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Colombia seen holding interest rate steady in split decision
December 16, 2016 / 1:38 PM / 9 months ago

Colombia seen holding interest rate steady in split decision

BOGOTA, Dec 16 (Reuters) - Colombia’s central bank will likely hold its benchmark interest rate unchanged on Friday for a fifth month to quell inflation even as the economy grows more slowly than expected and policymakers look toward cuts next year.

The bank’s seven-member board will keep the rate at 7.75 percent but the vote is likely to be split again, after two directors voted for a cut last month, analysts said.

The division shows some policymakers are pushing for Colombia’s first rate reduction in nearly four years after the economy grew 1.2 percent annually in the third quarter, less than the 1.5 percent expected by the market.

Economic growth has slowed amid a slump in the price of crude oil, one of Colombia’s leading exports. All analysts in a Reuters poll published this week expect the bank to hold the rate steady.

“The first thing the bank will look at is the balance of local risk and it doesn’t come out very well. I think that’s going to tip the balance to keep the rate stable,” said Camilo Perez, chief economist at Banco de Bogota.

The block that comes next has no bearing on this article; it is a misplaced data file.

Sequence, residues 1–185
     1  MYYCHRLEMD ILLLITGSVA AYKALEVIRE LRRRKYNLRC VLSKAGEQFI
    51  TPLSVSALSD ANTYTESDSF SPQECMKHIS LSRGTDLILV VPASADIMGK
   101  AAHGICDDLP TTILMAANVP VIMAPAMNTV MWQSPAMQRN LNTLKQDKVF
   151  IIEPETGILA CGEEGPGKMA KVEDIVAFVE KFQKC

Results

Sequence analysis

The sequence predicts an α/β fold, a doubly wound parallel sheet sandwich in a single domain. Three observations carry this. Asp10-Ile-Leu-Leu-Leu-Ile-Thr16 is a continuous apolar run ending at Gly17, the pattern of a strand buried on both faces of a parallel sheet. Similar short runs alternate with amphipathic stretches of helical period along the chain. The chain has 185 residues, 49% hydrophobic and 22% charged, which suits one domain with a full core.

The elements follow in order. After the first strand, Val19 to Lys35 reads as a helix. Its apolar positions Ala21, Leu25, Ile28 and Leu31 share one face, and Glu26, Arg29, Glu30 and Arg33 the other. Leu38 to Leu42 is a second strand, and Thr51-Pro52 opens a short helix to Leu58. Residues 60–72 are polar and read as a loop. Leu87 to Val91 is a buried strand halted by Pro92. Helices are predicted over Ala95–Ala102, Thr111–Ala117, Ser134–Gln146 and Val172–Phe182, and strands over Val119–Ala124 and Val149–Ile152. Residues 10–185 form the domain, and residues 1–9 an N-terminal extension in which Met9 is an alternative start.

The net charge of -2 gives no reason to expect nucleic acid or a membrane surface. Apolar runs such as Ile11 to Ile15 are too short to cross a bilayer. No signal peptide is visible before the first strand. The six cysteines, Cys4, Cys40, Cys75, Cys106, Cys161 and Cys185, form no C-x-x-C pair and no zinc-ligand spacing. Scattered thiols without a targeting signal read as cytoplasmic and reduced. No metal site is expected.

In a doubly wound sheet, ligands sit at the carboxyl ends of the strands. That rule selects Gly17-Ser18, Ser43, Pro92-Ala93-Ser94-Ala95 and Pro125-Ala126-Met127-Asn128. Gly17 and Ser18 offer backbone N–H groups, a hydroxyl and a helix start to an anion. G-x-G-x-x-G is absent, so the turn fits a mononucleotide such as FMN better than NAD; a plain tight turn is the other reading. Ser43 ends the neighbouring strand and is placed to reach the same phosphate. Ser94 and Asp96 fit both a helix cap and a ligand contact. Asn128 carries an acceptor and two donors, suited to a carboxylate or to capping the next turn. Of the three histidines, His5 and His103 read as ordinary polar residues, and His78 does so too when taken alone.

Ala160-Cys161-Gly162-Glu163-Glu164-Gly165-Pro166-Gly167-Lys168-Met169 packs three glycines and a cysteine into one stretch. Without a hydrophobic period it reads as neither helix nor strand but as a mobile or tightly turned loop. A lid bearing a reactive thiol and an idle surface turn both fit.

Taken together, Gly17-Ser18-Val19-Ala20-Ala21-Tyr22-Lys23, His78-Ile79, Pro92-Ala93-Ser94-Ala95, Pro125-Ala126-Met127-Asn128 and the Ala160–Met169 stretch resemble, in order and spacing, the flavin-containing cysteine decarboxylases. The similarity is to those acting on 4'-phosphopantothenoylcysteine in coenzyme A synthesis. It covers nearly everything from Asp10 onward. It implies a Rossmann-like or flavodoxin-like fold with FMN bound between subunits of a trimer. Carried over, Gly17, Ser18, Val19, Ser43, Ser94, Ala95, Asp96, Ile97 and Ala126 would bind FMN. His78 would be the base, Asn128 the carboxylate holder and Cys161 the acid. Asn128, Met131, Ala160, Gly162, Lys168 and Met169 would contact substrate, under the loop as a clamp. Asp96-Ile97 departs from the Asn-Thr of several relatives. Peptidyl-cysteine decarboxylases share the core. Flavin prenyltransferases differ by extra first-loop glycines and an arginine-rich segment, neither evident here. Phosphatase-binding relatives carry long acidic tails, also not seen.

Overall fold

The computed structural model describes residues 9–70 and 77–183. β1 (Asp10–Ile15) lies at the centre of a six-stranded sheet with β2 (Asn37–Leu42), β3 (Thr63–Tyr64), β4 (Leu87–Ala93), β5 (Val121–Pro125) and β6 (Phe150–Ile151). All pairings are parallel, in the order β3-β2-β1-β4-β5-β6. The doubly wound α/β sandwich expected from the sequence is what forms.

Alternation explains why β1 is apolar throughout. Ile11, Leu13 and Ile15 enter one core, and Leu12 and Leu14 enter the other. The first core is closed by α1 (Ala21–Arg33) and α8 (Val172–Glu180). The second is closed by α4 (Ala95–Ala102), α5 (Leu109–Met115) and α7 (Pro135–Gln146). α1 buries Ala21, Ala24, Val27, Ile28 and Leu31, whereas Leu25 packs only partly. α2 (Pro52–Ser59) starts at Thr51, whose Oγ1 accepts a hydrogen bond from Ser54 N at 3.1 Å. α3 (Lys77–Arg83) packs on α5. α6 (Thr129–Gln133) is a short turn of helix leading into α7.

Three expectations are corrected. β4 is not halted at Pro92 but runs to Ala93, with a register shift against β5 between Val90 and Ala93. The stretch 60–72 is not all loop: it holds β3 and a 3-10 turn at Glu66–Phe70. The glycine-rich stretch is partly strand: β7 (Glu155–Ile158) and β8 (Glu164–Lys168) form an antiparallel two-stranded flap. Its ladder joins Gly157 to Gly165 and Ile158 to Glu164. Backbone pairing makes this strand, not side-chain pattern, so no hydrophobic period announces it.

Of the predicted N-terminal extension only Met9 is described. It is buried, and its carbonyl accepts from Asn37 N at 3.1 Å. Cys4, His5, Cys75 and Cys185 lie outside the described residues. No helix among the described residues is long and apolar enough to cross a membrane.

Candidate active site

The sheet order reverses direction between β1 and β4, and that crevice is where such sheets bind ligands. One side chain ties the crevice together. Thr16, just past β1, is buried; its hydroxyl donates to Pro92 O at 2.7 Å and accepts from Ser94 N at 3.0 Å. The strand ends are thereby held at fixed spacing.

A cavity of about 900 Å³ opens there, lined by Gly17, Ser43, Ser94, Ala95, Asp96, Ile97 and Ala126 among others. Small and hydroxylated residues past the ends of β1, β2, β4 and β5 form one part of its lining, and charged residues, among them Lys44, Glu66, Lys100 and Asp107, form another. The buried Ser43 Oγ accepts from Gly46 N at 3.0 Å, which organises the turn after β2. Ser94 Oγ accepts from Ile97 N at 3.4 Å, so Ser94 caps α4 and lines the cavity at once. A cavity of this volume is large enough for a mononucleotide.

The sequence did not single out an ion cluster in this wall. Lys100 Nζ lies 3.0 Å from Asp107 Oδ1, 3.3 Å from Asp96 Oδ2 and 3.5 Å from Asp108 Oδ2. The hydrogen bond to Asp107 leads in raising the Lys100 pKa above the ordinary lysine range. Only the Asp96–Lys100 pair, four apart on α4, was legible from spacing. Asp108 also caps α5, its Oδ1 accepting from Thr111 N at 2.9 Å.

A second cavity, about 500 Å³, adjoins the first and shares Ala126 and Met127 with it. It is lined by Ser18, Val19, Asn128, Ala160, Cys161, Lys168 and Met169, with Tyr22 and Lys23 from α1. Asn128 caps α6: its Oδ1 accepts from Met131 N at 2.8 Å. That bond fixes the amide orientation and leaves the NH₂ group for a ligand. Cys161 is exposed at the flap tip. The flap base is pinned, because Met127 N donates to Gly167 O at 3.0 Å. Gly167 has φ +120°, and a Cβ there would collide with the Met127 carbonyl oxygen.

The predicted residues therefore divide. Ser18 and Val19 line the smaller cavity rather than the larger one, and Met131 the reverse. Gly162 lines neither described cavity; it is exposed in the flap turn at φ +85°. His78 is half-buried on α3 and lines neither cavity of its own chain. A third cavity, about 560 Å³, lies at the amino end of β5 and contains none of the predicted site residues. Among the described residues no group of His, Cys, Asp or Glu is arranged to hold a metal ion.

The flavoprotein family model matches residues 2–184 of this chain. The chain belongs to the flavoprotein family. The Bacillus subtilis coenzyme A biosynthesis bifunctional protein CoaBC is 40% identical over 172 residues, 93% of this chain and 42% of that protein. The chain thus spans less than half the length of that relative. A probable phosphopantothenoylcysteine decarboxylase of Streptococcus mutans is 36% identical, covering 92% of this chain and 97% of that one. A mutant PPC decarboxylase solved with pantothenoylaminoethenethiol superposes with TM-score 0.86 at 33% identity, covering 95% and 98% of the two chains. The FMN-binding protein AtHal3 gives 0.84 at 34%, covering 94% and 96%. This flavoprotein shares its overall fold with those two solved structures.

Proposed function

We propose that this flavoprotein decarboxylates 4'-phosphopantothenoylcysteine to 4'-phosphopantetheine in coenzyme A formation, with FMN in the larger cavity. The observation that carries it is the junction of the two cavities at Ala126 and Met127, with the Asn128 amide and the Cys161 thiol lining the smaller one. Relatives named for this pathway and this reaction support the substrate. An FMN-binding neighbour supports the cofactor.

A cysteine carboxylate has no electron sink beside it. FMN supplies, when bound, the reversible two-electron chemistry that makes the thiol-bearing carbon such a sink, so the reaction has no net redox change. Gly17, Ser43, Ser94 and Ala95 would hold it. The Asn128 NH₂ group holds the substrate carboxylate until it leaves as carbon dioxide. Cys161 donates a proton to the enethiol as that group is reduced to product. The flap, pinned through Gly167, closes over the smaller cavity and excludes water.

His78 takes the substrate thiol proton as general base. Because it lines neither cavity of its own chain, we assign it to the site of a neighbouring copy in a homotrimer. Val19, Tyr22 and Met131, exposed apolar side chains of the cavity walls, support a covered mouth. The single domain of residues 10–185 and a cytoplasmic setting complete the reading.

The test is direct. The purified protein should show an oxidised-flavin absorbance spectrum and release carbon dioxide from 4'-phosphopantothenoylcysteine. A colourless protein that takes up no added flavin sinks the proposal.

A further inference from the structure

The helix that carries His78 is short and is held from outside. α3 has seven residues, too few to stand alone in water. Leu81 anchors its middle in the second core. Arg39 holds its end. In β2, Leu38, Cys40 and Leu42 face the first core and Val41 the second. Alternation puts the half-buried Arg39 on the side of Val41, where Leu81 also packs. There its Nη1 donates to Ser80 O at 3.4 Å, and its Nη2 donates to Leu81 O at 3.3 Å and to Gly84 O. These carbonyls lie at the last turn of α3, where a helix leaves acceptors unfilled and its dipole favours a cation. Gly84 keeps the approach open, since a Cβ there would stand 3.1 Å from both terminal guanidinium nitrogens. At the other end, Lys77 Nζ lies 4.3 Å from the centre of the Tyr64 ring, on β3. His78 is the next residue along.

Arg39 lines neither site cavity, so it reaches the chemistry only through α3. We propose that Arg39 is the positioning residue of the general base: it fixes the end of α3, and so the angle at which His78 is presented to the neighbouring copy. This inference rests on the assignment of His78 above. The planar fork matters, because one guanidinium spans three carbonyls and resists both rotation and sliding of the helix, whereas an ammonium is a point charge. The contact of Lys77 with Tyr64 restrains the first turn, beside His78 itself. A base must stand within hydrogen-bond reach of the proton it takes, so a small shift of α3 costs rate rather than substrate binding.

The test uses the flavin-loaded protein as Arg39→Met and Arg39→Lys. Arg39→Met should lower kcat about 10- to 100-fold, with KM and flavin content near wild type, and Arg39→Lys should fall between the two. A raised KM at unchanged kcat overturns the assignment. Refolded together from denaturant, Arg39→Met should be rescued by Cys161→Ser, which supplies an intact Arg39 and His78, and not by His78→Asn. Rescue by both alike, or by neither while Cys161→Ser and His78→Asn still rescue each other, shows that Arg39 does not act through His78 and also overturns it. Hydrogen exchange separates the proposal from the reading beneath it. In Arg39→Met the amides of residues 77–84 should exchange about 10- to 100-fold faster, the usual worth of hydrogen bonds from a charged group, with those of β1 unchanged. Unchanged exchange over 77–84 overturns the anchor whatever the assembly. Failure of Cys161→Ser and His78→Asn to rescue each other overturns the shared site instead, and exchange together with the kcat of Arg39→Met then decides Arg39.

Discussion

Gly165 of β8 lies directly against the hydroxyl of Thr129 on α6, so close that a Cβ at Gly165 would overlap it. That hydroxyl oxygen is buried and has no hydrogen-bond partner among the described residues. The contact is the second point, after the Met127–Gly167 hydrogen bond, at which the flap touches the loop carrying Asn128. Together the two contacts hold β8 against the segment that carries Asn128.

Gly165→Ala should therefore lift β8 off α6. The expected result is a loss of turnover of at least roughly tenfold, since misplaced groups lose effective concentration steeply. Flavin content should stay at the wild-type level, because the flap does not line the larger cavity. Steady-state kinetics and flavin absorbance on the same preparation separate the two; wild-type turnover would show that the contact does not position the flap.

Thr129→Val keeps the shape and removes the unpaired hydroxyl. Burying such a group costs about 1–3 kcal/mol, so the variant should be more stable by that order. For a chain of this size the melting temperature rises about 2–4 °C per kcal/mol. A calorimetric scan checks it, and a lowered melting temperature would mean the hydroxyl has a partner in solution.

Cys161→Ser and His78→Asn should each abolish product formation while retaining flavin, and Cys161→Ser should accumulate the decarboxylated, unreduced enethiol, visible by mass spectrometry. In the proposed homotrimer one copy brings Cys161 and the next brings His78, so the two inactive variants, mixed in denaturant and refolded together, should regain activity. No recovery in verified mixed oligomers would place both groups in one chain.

This is the final board meeting in which Jose Dario Uribe will vote, as his 12-year tenure as bank chief ends. He will be replaced in January by Juan Jose Echavarria. Another two policymakers will be replaced in the first quarter.

After a lengthy period in which the bank has battled inflation, there are signs that consumer prices are heading lower toward the 2 to 4 percent target range. Uribe said recently inflation will come within the range by the end of next year.

The slowdown in price rises is fueling the idea the bank could cut rates as soon as January, in what would be the first reduction since March 2013. Inflation hit nearly 9 percent in July but will continue to recede now that a prolonged drought has eased and a truckers strike has ended, the bank has said.

Inflation reached 5.96 percent for the 12 months ending in November, still well above target.

Some economists question how a tax reform being tackled in Congress could impact inflation and the bank’s future decisions. (Reporting by Helen Murphy and Nelson Bocanegra; Editing by Phil Berlowitz)

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